A lot of the maximums in VMware have been increased, and a good summary of that is available here:

One of the areas of most interest to me was the big improvements in VMware Fault Tolerance (FT). A couple of years ago I was investigating multiple options for a high availability (HA) VPN solution, and looked into using the CSR1000v to terminate the VPN’s. The idea was to have one Cisco device and let VMware FT handle the resilience. The advantage of this would have been only purchasing and licensing one CSR, and not having to worry about any kind of stateful IPSEC synchronising between two devices. One of the main issues we had with this was that to get decent performance out of the CSR we needed multiple CPU’s, and FT wouldn’t support it. In version 6 it is now capable of up to 4 vCPU’s. This improvement has potentially made the solution worth exploring again if I ever needed to.

Obviously there are a whole host of other differences, but there are hundreds of other sites out there to review them all on so use Google!

Thanks to Keith Barker ( at CBT Nuggets ( for the useful videos!

Off-site backups for Synology NAS – using two raspberry pi’s, behind dynamic NAT IP’s

I recently bought a 4 bay synology NAS (DS416 Play), to move away from Dropbox and OneDrive. The main issue I had before choosing to do this, was off-site backups. It’s ok having 4 disks for resilience, but if my house burns down or gets burgled, I still lose everything.

So I started to think up ways of doing an offsite backup, without having to remember to do it or drive around with hard disks. I came up with the idea of putting a Raspberry Pi at a family members house with an external drive attached, and rsync’ing to it. If I do this in the middle of the night, then it won’t noticeably interfere with internet connections.

The main issue is that family members don’t have static IP’s (they are behind typical ISP routers with dynamic IP and NAT), and the synology makes an outbound connection to do the rsync. So I decided to use an intermediate server which I already have in the internet, and tunnel the rsync over a reverse SSH tunnel. Another stumbling block was synology trying to be too clever – initially I tried to set up a reverse tunnel on the NAS, but the HyperBackup software won’t let you back up to a local IP. For this reason I ended up with another Raspberry Pi next to the NAS, but I suppose you could use any device that’s always on. I could have cut out this second Raspberry Pi by going straight via the external box too, but I didn’t want to open the forwarded ports to the internet – using the second Pi, the forwarded port is only open to my LAN.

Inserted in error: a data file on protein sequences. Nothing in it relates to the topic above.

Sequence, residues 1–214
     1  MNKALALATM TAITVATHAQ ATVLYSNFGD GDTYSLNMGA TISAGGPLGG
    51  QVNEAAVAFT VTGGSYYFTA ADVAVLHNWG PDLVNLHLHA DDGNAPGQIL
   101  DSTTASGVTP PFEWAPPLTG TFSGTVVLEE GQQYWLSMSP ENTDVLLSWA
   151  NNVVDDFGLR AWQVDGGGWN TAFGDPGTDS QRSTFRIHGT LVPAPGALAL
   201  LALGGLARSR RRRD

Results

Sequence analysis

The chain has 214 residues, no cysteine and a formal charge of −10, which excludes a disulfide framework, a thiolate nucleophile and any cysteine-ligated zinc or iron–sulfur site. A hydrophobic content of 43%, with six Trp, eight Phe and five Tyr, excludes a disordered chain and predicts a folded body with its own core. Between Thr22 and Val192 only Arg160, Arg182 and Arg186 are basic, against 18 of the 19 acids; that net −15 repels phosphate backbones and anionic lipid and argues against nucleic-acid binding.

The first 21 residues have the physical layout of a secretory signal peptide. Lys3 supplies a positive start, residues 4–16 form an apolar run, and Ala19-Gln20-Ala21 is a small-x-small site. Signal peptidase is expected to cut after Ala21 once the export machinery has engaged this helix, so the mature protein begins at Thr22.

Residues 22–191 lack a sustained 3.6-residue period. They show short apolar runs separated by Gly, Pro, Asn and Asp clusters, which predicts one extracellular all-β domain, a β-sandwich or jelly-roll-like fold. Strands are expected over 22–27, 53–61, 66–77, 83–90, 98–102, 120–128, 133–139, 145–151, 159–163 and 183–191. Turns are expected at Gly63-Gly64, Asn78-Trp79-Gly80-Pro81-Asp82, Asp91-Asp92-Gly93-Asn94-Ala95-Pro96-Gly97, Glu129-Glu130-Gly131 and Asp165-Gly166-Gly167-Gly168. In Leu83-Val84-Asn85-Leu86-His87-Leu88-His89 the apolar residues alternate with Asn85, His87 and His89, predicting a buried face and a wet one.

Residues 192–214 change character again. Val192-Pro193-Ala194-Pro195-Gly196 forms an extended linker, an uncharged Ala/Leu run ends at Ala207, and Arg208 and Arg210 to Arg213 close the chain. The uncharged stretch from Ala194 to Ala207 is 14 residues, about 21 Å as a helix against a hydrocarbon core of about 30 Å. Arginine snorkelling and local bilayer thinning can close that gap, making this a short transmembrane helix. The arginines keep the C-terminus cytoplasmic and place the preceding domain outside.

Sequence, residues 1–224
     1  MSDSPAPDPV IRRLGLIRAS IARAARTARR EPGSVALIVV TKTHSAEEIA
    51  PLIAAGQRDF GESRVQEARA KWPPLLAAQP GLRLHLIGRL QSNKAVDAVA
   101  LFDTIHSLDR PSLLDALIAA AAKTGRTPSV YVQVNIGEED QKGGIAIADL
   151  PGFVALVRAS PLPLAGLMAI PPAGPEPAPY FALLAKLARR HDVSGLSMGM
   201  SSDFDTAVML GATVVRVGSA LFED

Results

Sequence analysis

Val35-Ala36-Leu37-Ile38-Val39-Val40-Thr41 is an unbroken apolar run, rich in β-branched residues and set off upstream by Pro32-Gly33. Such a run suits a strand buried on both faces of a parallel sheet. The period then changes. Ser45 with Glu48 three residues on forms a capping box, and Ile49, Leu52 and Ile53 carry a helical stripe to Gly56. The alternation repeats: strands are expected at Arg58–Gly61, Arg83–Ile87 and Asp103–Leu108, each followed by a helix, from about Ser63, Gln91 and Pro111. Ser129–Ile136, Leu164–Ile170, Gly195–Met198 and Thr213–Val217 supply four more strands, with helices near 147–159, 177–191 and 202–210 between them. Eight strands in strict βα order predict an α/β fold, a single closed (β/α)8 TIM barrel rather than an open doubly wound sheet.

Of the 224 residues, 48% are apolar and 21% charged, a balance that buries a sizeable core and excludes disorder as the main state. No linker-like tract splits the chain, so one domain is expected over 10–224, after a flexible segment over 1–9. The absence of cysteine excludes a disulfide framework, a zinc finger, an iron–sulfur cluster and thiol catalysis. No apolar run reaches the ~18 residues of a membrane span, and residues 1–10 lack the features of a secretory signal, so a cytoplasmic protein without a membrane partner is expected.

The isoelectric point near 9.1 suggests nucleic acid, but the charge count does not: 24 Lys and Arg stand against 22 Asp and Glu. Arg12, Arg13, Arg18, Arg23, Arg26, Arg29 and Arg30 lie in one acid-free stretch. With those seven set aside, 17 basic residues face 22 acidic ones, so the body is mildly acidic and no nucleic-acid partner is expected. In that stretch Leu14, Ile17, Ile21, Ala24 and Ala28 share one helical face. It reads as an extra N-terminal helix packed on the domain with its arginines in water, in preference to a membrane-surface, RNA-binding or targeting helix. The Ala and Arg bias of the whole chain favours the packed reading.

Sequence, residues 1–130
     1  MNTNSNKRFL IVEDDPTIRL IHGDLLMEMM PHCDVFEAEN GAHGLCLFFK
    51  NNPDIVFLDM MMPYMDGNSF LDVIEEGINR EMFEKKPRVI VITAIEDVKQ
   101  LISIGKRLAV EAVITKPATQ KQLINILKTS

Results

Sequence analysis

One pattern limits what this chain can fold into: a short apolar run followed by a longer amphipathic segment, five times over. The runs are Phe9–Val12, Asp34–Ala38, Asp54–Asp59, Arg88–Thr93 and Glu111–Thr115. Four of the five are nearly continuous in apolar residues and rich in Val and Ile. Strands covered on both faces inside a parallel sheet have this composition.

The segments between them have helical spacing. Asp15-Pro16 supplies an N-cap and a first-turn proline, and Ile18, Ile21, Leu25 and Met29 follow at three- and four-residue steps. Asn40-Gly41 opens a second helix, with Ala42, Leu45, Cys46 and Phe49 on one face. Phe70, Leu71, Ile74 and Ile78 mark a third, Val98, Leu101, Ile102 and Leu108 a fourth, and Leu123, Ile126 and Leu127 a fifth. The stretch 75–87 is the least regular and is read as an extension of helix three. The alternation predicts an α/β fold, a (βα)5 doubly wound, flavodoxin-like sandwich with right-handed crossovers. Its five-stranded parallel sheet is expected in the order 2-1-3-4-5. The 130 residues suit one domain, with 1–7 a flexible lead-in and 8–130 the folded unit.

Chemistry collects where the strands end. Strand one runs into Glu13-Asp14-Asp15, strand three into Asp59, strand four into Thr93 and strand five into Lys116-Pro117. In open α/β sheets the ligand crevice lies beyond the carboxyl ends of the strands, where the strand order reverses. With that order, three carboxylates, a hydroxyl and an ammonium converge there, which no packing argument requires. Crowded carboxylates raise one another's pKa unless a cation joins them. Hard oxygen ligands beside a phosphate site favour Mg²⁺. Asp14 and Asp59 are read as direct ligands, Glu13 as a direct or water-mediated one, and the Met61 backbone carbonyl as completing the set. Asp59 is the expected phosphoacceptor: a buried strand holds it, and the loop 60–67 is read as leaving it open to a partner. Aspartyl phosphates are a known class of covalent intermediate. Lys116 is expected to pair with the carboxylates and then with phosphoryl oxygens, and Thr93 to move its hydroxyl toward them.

So the topology will end up looking like this:

NAS — LocalPi — InternetServer — RemotePi

Initially though, it’s best to set up this:

NAS — RemotePi

This lets you test that the rsync works, and also lets you do the initial sync (which might be a big one) on the LAN rather than uploading it to the internet over ADSL!

So, lets get started.Continue reading

Python Scripting on a Cisco Nexus 7k

A few days ago I stumbled upon the python interpreter on the Nexus platform. It got me to tinkering.

In the past, I have had a requirement to grab a list of all of the interfaces on a box, the IP’s, and the masks. The interfaces and IP’s can easily be obtained from a show ip int br, and using column select to grab the relevant columns (hold down Alt when you are selecting in putty, if you didn’t know that before then go try it!). Getting the subnet masks for those is a little less trivial though.

As a side note, in the past I’ve used this:

sh ip int | i is up|Internet add

This works, but you have to mess a little to strip out just the bits you want (not a lot of work with a decent text editor though, I admit).

Anyway, more just to see if I could, I wrote a python script to extract the structured dictionary response from a “show ip interface” and parse out the relevant pieces and print them into a fixed width table, under the columns ‘Name’,’IP’,’CIDR’,’Mask’,’Admin’,’Link’,’Protocol’.
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Check Point Certified System Administrator (CCSA) Study Notes – R77


I’m now a Check Point Certified System Administrator (CCSA)! I took the R77 exam and passed. I have to say I was a little disappointed with the exam – there were 100 questions in 90 minutes, but I found a lot of the questions were repeated – albeit with a slightly different phrasing.

Below are the notes I made while I was studying. Definitely lab it (download the ISO and set up some VM’s – make use of the free eval mode!). There are a few questions that require familiarity with the UI’s, and knowing where to find certain config options. I’ve been working with Check Point pretty extensively for a couple of years now, and have worked on some pretty big upgrade projects and stuff, but I’m definitely glad I put some hours in studying and labbing – my experience hasn’t exposed me to all of the features and there is no way I would have passed it without putting some time in with a virtual lab.

Below are my notes that I took whilst studying. I haven’t edited them, it’s a straight copy and paste from OneNote, so they may not be formatted correctly or whatever, and contain some notes that might only make sense to me! But here they are anyway, they may be useful to someone.Continue reading